Two, the immiseration thesis simply does not hold water in the United States. Otherwise, there would be an almost perpetual state of rebellion. Americans of all races are convinced that they are the freest people on the planet! After all, as one recent immigrant put it, it’s the only country where poor people are fat. 40 years after the 60s, the COUNTERREVOLUTION has triumphed. Inequality – social, political, and economic – is more pronounced and the populace is ideologically much more conservative, if not reactionary. Ask any American about the Whiskey Rebellion, Molly Maguires, the IWW, Sacco and Venzetti, Homestead. Ludlow, or Blair Mountain and the silence would be deafening. Labor history is a tabula rasa and antiunionism is also widespread, particularly among the “working class”. The LEFT is so discredited that liberalism is dismissed as an illness – if not downright treason! The parallels between this country and the Weimar Republic should be more than obvious. Atomized and leaderless, the population hyped up on steroidal nationalism is susceptible to manipulation. And you don’t need a weatherman to tell you which way that wind is blowin…
    In present day China even the “communist” elites dare not forget “the mandate of heaven”. In Western Europe, particularly France where there is a revolutinoary tradition, the middle-class “mob” will take to the streets. Elsewhere, class-consciousness is firmly rooted and governing elites have to factor it into their political calculus. The concept of a “general strike” – The Paris Commune of 1871, Bloody Sunday in Russia 1905, May 1968 in France, Tiananamen Square in China 1989 – has impressed this on these countries collective consciousness.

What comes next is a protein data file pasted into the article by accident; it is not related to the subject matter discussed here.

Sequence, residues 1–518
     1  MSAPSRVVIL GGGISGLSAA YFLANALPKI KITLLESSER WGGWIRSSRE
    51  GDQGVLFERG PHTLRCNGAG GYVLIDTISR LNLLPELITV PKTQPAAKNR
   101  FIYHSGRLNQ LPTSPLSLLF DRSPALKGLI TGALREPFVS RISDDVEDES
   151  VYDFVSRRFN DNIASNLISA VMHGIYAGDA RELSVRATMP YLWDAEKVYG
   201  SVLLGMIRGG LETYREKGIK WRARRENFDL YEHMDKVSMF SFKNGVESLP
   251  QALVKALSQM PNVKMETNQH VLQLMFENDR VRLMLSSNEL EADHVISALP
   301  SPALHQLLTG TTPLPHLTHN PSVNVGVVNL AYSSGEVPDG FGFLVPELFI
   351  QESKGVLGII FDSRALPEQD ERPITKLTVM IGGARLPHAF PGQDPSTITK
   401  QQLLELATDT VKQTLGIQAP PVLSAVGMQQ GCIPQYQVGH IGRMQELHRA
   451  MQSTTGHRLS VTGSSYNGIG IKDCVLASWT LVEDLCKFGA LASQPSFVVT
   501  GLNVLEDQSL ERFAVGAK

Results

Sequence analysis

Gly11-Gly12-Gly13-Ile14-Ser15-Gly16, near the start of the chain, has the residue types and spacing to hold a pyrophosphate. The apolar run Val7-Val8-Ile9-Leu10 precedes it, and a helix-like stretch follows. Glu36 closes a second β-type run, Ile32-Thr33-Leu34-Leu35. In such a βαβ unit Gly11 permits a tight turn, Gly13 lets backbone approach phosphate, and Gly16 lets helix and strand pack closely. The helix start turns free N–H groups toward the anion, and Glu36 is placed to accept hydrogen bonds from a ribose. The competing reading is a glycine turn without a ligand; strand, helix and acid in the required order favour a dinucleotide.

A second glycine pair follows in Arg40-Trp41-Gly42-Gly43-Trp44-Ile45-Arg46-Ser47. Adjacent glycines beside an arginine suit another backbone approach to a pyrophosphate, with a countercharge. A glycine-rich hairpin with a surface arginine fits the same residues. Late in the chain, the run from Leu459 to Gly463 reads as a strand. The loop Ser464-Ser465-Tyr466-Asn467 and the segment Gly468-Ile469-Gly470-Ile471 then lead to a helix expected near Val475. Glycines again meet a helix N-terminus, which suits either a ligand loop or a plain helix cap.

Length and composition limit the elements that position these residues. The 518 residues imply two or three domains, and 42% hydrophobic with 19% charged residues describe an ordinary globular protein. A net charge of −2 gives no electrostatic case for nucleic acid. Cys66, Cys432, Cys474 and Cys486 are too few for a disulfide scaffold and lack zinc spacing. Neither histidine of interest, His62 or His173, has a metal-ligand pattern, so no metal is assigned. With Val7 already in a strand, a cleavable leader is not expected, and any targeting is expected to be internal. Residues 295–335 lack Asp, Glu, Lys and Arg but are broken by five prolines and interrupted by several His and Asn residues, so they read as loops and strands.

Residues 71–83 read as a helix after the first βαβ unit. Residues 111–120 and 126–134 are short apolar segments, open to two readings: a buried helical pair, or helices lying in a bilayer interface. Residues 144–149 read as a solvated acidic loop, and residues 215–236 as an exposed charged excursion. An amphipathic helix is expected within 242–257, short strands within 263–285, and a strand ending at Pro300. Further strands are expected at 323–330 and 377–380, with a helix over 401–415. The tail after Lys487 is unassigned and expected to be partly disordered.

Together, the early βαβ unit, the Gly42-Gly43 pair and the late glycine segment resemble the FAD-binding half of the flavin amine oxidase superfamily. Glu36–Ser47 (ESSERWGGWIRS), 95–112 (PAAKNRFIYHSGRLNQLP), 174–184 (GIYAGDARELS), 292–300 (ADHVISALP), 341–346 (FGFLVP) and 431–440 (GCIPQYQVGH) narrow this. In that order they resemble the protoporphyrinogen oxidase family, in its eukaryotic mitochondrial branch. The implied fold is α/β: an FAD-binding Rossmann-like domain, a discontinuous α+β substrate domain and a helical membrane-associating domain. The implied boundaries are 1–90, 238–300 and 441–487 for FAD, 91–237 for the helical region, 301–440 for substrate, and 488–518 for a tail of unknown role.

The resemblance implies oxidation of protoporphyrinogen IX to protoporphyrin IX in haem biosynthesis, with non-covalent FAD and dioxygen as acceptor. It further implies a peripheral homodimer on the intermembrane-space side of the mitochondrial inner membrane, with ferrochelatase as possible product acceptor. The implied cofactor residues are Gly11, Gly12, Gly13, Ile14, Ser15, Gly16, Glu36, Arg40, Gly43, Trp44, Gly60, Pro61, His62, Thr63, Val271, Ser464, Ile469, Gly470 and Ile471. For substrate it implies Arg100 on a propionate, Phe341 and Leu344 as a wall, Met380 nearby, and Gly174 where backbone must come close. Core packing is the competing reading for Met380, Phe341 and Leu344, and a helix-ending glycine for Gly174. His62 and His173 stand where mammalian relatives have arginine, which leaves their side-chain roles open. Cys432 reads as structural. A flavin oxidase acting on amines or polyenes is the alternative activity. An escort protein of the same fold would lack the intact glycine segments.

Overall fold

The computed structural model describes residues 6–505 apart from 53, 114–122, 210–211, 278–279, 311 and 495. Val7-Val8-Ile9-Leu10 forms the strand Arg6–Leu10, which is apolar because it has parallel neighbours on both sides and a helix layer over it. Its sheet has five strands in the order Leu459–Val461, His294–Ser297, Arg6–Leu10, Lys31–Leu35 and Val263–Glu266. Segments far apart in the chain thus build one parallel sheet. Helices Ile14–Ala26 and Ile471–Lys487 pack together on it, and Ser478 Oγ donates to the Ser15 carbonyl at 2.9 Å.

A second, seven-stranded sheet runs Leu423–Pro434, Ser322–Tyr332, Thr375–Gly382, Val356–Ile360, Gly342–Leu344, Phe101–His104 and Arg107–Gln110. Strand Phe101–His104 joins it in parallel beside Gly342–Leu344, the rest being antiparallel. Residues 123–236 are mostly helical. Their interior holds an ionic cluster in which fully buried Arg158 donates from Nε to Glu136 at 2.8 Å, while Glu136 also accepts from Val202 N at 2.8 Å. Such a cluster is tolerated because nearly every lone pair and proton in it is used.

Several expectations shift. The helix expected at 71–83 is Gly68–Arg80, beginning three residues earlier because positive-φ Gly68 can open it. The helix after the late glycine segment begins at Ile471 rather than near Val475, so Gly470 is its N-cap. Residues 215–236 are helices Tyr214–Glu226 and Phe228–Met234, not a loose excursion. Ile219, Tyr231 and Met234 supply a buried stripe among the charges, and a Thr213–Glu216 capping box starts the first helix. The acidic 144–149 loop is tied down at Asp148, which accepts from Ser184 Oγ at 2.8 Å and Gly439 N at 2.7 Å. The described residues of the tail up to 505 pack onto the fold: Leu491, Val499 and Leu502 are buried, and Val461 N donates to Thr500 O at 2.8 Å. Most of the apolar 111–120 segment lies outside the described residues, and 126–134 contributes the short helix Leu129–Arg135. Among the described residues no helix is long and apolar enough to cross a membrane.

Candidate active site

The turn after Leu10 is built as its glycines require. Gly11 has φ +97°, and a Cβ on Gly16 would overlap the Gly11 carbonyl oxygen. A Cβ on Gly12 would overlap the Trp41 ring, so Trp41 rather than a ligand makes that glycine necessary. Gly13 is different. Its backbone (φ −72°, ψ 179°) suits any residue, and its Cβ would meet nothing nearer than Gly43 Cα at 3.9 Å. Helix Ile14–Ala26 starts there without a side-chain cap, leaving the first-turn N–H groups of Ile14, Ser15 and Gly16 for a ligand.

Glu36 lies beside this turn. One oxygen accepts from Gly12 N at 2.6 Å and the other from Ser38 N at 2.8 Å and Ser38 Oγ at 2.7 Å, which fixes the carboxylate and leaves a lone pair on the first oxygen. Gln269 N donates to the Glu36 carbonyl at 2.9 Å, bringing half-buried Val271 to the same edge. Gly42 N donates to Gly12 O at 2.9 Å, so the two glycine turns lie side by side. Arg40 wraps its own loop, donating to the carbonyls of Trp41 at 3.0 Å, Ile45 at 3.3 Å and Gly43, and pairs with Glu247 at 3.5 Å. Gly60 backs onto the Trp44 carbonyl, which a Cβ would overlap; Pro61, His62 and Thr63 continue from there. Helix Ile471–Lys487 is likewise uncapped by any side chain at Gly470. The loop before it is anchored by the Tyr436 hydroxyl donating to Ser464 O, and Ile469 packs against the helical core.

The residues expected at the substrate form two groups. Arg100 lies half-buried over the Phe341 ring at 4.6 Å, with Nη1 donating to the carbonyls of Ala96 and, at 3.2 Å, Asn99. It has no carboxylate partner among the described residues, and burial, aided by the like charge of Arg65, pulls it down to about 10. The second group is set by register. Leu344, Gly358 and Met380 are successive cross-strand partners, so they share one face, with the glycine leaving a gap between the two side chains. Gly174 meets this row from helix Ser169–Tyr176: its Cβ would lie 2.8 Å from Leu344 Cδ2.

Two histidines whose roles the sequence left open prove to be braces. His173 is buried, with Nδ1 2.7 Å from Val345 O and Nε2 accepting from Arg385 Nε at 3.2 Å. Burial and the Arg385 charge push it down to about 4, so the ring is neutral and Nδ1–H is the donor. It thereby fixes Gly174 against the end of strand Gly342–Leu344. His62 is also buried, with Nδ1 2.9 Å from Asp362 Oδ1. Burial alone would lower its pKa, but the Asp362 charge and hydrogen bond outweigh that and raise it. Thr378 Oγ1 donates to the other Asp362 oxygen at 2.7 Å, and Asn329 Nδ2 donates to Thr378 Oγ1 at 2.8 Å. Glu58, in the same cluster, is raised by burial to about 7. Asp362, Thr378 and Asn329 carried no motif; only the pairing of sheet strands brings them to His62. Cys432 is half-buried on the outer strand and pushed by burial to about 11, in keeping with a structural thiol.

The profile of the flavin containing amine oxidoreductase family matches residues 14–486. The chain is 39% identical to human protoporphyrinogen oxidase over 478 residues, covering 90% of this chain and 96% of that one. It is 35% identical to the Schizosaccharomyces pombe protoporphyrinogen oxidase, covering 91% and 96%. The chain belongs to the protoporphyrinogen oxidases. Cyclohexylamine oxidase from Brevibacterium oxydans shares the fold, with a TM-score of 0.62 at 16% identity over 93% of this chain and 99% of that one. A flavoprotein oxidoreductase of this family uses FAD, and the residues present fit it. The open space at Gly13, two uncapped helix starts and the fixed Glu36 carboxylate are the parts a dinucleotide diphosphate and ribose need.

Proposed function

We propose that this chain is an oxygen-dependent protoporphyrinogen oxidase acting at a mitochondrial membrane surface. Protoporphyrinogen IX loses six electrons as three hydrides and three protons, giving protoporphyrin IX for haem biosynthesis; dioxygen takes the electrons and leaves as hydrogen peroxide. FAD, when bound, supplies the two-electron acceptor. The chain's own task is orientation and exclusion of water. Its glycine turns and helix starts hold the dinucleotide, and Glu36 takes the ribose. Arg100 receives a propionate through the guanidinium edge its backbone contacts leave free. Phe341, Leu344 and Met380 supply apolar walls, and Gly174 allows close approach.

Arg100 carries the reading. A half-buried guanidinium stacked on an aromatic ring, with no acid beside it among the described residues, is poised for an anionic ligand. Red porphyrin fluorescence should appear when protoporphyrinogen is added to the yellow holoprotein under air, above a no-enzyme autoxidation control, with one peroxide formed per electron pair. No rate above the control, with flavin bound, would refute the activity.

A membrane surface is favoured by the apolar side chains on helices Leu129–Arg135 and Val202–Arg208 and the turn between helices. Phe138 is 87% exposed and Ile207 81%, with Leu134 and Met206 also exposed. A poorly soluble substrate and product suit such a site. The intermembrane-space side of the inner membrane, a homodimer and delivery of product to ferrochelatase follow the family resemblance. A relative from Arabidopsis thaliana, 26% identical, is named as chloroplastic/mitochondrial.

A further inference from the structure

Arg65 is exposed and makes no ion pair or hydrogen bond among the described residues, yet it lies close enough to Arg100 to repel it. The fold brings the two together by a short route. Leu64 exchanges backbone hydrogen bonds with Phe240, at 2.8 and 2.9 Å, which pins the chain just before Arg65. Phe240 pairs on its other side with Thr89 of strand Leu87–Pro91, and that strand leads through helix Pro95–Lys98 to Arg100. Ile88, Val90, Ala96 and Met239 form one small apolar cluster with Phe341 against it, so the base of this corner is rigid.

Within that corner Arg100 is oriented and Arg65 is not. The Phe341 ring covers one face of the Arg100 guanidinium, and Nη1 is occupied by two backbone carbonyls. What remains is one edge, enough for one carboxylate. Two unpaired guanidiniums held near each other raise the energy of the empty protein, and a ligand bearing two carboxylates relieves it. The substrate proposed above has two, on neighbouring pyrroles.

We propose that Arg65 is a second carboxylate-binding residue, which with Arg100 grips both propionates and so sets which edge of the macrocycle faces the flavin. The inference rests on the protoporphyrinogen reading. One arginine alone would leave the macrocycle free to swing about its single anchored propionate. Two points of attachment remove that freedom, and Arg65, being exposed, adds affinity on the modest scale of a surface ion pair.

Blaming China for our ills is tantamount to blaming the capitalist who invested there when, in fact, after all it was you and me. Walmart’s business model has nothing to do with it… Remember that the next time you go shopping.

  18. Demented Chimp

    Who cares, forget the $ carry trade, fornicate, drink and be merry because in the everyone dies.

    Lets face it we are all dopamine junkies be it bankers or hippies. Just different flavours for the addicted delusional heirachical chimps that we are. Get it anyway you can, and enslave the rest, because it makes you feel good, damn good.